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Thrybergh Country Park (Rotherham)

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Address: Doncaster Road / Thrybergh / Rotherham / South Yorkshire

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      31.03.2008 20:31
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      A country park in South Yorkshire

      Thrybergh Country Park lies approximately 3 miles (5 Kilometres) to the north west of Rotherham town centre and about 9 miles (15 Kilometres) to the west of Doncaster in South Yorkshire. Covering an area of 47 acres, this is one of the largest country parks in the region.

      At the centre of this park lies a reservoir, created in 1880 to supply water to Doncaster and the surrounding area. However throughout its history this reservoir never met the demands that were put on it, largely due to leakage from the reservoir floor. During the 1940's this reservoir was producing 490,000 gallons of water a day, but losing 100,000 gallons of this every day. By the 1960's it was only producing 350,000 gallons a day, but still losing 100,000 gallons every day, so it no longer became commercially viable.

      In September 2000 Rotherham Metropolitan Borough Council purchased Thrybergh Reservoir from Yorkshire Water for the token price of £1 and set about turning it into the Country Park that it is today.

      Thrybergh Country Park is now a haven for wildlife. Over 200 different species of birds have been recorded here and over 20 species of mammal have also been recorded.

      The park is free to visit and there is a large car park at the edge of the water. This is where the majority of the Ducks, Geese, and Swans tend to congregate as many of the visitors feed them in this area.

      There is a visitors centre and a cafe both next to the car park and bird food can be bought from the visitors centre. There is also a bird feeding station located next to the car park with bird tables and bags of nuts hanging from the trees.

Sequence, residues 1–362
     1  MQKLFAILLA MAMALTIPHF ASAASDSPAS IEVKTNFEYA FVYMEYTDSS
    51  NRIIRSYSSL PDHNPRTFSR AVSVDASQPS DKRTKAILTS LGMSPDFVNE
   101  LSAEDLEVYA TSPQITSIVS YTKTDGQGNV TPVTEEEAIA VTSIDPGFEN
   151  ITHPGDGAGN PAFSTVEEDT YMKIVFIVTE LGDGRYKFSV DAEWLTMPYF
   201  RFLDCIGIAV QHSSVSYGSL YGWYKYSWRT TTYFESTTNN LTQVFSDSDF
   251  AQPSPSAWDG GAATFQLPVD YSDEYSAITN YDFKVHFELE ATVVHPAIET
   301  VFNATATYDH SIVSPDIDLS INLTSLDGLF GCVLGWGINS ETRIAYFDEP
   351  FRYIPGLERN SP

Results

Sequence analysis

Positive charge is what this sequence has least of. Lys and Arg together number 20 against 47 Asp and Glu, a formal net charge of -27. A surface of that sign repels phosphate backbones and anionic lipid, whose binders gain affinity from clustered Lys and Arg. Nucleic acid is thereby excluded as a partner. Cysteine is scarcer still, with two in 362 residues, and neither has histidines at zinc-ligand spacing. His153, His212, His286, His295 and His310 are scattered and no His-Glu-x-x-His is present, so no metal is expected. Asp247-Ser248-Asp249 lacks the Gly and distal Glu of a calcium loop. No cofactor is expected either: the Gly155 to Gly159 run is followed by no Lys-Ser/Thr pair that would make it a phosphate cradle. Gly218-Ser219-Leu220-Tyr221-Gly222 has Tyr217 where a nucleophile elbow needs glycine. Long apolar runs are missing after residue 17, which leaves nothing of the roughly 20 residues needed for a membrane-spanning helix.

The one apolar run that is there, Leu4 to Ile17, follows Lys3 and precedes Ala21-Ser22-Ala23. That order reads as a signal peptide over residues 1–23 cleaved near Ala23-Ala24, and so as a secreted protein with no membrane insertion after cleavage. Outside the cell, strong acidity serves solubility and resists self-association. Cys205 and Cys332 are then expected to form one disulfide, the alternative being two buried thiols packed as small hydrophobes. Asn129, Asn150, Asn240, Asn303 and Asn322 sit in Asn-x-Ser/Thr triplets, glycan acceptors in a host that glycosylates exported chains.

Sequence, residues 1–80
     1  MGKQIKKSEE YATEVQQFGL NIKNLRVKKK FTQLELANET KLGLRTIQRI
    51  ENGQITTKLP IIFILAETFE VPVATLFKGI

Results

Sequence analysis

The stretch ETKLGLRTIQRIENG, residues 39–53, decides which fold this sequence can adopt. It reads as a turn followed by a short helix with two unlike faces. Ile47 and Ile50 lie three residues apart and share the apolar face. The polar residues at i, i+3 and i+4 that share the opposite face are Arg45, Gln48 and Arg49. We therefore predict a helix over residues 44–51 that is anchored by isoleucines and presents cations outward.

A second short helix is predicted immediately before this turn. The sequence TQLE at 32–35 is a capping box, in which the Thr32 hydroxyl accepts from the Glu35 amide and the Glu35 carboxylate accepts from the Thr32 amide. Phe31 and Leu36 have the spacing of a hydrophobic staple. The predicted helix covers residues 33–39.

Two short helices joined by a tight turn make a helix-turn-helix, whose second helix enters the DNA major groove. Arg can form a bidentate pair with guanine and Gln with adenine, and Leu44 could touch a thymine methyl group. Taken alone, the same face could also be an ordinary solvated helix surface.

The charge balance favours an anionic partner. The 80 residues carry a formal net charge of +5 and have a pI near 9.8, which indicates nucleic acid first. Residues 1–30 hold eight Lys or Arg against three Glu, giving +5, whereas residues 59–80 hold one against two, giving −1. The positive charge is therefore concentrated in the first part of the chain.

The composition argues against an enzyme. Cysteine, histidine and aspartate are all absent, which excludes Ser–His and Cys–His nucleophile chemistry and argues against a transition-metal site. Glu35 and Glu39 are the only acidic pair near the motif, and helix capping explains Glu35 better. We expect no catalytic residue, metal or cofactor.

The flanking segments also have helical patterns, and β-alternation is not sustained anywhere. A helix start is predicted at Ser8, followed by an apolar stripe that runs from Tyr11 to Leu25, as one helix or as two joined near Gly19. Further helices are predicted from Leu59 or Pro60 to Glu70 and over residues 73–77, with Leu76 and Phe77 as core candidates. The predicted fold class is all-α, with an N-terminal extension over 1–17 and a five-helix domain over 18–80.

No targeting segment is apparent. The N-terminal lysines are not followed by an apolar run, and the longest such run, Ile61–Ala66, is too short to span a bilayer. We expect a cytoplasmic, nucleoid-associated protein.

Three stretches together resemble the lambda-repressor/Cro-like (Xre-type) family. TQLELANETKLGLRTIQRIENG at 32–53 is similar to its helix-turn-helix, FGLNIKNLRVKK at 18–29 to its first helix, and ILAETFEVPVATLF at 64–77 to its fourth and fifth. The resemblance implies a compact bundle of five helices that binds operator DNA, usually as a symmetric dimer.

The visitors centre has toilets, including ones with disabled access and there are baby changing facilities. The centre contains a wealth of information about the creation of the park and there are many books and leaflets available.

      The cafe occupies a white, brick-built building at the opposite end of the car park, right on the edge of the water. It is appropriately called the Lakeside Cafe. There are a few tables and chairs outside but many more inside. Here a mug of tea costs just 90p and I can recommend their bacon & egg sandwiches which cost £1.55 each. Since the cafe is located right on the edge of the water the view from here is fantastic.

      Over the years the Lakeside Cafe has built up a good reputation for the homemade food that it serves. I had yet to sample it but it looks and smells delicious, and it seems to be reasonably priced too.

      From the car park there is a circular footpath that goes all around the perimeter of the reservoir. The top part of this path is however closed during the winter, between October and March. This is to minimise the disturbance to the wintering Ducks. In winter Thrybergh Reservoir is of national importance for its numbers of three species of Duck found here: Widgeon, Gadwall and Pintail. Along this top part of the Reservoir there are two wooden bird hides, but there is no access to these when this section of the footpath is closed.

      The walk around the entire perimeter of the reservoir is just under 3 miles (5 Kilometres). From the Car Park the reservoir looks deceptively small since only around half of the water can be seen from this point.

      The footpath around the reservoir is of good quality. It is nice and wide and flat and even during bad weather rarely gets very messy. This is a popular place for people to come in wheelchairs. Electric wheelchairs can be hired from the visitor's centre.

      The Park lies in a lovely setting, nestled between open expanses of farmland. Walking around the reservoir it is easy to forget just how close you actually are to civilisation.

      Water-sports take place on the reservoir and include both jet-skiing and wind-surfing. No swimming is allowed in the reservoir and no cycling is allowed on the footpaths either.

      Fishing is also available, but this is only allowed between the end of March and the end of October. There is also a caravan and camp-site located within the park and this is open all year round. There is also a Children's Adventure Playground and a Barbecue area.

      If you wish to visit Thrybergh Country Park by public transport then the X78 bus runs every 10 minutes and there is a stop directly outside the entrance to the park. The X78 runs between Doncaster and Rotherham. Entry is free.

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